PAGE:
The EU General Court has decided in favour of the Greek state-owned power company Public Power Corporation (PPC) against a European Commission decision sanctioning the utility’s continued virtual monopoly rights over lignite or “brown coal.” The European Commission found that Greece had infringed EU law by granting PPC quasi-exclusive rights for access to lignite deposits in Greece. According to the General Court’s 20 September 2012 ruling, the European Commission had failed to identify and establish to a sufficient legal standard the resulting actual or potential abuse of a dominant position by PPC in order to support a finding of an infringement of EU competition law.
Legal Framework – Interface between Article 106 and 102 TFEU
Before considering the background to and implications of the judgment, it is useful to set out the relevant legal framework at issue. The case revolves around the juxtaposition of two key provisions of EU law and provided a relatively rare opportunity for the General Court to clarify the relationship between those provisions.
Article 106(1) of the Treaty on the Functioning of the EU (TFEU) imposes an obligation on member states not to enact nor to maintain in force measures contrary to the provisions in the Treaty. This includes, in particular, the competition rules in situations that involve public undertakings and undertakings to which member states grant “special or exclusive rights”. Where a state measure confers on a dominant public undertaking unequal advantages, it can constitute a violation of Article 106(1) in combination with the EU competition law prohibition of abuse of dominance contained in Article 102 TFEU (or Article 101 TFEU concerning restrictive agreements, although this was not in issue in the present case).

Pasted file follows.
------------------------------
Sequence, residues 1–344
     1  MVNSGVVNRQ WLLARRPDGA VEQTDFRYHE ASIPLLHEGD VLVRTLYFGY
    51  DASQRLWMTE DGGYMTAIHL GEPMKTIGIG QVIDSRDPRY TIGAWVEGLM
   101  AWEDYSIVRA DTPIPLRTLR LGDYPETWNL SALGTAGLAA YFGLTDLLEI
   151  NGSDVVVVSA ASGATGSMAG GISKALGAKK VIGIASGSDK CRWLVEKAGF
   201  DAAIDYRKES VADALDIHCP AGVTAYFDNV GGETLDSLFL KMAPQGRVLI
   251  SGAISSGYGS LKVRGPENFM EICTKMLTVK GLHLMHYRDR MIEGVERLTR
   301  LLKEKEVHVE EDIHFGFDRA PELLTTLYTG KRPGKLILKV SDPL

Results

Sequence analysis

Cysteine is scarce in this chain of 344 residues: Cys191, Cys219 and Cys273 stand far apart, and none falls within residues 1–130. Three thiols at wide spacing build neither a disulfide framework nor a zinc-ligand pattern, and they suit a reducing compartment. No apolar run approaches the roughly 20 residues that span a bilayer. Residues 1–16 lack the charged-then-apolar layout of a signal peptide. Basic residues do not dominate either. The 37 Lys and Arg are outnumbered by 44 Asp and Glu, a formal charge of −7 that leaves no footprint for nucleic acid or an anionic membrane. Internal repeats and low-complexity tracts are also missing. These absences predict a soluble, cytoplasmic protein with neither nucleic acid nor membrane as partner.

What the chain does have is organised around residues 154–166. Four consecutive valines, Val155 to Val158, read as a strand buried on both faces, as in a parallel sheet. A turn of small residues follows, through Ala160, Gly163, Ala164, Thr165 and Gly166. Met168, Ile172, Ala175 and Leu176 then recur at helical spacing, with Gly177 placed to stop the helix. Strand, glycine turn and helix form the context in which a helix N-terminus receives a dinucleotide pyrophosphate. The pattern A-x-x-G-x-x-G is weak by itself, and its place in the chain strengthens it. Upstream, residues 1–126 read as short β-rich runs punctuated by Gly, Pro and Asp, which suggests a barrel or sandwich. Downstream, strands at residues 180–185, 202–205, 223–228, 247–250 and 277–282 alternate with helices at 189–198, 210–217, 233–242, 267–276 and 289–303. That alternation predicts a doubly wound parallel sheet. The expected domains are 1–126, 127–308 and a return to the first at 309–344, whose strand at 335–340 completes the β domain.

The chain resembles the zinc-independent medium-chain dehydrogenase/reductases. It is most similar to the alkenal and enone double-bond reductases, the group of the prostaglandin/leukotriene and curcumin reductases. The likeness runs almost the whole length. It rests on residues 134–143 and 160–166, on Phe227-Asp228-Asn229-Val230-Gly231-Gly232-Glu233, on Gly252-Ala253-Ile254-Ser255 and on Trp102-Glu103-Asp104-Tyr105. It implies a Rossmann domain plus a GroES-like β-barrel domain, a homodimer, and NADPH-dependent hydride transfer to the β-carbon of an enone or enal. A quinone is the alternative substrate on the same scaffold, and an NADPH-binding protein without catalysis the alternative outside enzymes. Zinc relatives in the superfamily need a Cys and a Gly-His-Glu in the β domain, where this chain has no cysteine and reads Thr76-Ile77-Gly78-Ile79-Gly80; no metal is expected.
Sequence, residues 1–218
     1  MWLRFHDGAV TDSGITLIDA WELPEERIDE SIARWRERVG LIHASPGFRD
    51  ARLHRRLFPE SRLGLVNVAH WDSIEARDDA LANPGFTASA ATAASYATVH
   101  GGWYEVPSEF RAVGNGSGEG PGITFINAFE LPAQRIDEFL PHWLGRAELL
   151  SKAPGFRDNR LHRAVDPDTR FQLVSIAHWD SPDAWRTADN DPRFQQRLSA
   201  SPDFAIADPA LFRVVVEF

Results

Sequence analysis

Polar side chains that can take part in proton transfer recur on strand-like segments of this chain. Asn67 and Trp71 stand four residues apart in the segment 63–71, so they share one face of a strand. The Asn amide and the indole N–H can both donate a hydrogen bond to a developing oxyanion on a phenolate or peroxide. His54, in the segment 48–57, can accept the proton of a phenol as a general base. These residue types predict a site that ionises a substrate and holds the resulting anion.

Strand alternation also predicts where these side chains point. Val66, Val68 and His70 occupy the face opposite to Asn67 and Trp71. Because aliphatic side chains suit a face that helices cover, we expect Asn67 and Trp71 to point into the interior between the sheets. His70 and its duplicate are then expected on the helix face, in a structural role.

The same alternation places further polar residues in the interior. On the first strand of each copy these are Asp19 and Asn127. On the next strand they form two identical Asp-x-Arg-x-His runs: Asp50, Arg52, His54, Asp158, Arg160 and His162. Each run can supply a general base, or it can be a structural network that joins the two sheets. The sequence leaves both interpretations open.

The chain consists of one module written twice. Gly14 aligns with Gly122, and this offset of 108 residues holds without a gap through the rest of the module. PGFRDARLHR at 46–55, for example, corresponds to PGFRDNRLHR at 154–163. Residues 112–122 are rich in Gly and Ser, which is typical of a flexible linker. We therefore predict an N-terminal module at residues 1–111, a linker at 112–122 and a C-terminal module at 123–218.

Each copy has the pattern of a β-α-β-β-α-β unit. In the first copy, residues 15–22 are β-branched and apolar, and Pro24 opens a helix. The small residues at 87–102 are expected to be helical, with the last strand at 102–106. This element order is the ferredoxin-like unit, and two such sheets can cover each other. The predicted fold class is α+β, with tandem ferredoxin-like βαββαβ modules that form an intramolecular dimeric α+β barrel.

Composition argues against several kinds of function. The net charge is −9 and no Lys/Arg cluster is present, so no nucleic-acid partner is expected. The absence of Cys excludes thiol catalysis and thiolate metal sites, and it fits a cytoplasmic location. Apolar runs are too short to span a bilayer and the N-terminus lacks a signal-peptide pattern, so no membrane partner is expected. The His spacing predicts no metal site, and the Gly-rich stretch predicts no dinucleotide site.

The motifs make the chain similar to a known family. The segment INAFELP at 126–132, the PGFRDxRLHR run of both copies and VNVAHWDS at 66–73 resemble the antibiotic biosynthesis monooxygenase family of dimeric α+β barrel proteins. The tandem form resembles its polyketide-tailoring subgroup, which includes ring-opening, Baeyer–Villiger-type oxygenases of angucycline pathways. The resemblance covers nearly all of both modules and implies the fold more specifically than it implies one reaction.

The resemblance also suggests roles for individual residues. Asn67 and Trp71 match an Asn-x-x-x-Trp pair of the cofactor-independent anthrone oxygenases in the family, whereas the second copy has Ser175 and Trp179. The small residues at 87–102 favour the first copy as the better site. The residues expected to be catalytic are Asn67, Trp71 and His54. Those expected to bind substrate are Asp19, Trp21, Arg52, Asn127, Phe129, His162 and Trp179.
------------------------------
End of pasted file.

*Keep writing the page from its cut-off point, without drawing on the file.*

The prohibition in Article 106(1) TFEU is addressed to member states, whereas the prohibition in Article 102 TFEU (and Article 101 TFEU) is addressed to undertakings (companies). An infringement of Article 106(1) TFEU cannot be established unless the state measure in question results in an actual or potential infringement of Article 102 TFEU.
Almost all lignite deposits in Greece are owned by the Greek state. Lignite has characteristics that place it somewhere between coal and peat. About 50 - 60 per cent of total electricity generated in Greece is from lignite-fired plants and it is the cheapest fuel available.